On my way back from the USA Rice Outlook Conference in New Orleans, I stopped by the Hill Memorial Library on the Louisiana State University campus to read a piece of history — the diary of Dr. Dick Eggleston, the husband of my great, great, great aunt, the former Elizabeth Gildart.
Eggleston wrote of farming operations and daily life on Learmont Plantation, near Vicksburg, Miss., in the 1830s. Learmont Plantation was directly across the Big Muddy from Ashley Plantation in Louisiana, which was owned by Sophia Gildart, widow of my 3G grandfather, Captain Francis Gildart, who fought for the wrong side in the Revolutionary War. Francis eventually fell in love with this country and its people and happily lived out the rest of his life here, forsaking his native Liverpool, England.
In his diary, Dr. Eggleston’s wrote of weather, from warm, dry and dusty to windy and cold. He described his house calls, and the lingering illness, untimely death and undying hospitality he encountered.
He also wrote about the daily grind of the farm. He described “beating down and cutting up corn and cotton stalks,” hauling and spreading manure, “ploughing new ground,” ginning and spinning of cotton and traveling to New Orleans to pay bills.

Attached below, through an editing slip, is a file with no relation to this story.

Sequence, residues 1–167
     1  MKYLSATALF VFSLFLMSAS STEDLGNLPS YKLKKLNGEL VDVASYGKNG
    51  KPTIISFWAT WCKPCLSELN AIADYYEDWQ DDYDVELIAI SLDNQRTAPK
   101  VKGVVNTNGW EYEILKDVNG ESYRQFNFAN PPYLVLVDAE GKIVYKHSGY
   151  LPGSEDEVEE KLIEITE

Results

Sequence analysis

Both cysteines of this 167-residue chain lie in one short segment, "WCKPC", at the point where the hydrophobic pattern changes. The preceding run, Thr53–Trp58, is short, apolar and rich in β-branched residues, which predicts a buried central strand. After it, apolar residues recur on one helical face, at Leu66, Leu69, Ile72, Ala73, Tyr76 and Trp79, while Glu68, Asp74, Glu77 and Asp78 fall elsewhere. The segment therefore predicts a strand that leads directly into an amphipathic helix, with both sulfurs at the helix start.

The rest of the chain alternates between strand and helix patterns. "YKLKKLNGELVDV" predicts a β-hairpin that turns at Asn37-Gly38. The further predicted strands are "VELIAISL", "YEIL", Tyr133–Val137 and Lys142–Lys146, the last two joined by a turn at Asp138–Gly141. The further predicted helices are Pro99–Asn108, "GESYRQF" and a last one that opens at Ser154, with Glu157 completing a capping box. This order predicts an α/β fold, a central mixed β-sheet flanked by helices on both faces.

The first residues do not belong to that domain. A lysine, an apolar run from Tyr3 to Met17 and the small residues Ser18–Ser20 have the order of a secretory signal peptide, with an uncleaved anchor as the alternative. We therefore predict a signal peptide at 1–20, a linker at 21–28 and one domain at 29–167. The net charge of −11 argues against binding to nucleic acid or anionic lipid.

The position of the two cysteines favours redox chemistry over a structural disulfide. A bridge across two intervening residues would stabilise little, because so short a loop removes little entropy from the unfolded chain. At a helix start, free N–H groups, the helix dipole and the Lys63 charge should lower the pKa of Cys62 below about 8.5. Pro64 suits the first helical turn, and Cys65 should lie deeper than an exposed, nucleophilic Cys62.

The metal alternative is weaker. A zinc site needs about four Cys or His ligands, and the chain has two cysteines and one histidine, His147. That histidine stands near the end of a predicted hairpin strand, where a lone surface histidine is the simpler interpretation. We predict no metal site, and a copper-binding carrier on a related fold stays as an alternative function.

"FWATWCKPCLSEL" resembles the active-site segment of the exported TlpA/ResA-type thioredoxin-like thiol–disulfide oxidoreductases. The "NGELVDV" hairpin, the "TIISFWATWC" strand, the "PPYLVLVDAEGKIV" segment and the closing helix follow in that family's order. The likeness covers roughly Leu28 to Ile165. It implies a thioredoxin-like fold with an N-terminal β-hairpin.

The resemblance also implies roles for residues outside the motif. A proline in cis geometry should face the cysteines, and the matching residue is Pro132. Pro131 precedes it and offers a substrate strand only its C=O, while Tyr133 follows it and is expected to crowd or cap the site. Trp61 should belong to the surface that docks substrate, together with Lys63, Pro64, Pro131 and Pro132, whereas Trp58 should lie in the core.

He wrote about beautiful Christmas mornings and attending the Birthnight Ball at Buckner and Canfields in Woodville, Miss.
I also read the diary of another relative, Horatio Nelson Gildart of Woodville, who dreamed that a young America would one day flourish — although at the time it was still struggling mightily through growing pains. Tragically, he drowned in England at the tender age of 28 while tending to family business, leaving a wife, Mary, and a daughter he expressed so much interest in raising.
On this Christmas day, we might take a moment to think of the farming pioneers who have come before us. Little may remain of their physical bodies and their tombstones have all but eroded away, but their perseverance, toil and hard work are evident in every asphalt road that was once a leafy trail, in every field that was once a hardwood bottom, in every city that was once a collection of scattered, hand-hewn buildings and in every low-yielding, field anomaly that was once an old home site.
They weren’t perfect as we all know. But agriculture is by its nature an imperfect business. Farmers can’t pass on their rising costs, control the weather or figure out how to keep the government’s heavy hand from their lives.
And so, as we look around at the wonderfully modern world that defines and often defies us, I’d like to say “Merry Christmas” to all my farmer friends out there, past, present and future. Thanks for keeping us warm, dry and nourished, and may you be blessed in all your endeavors.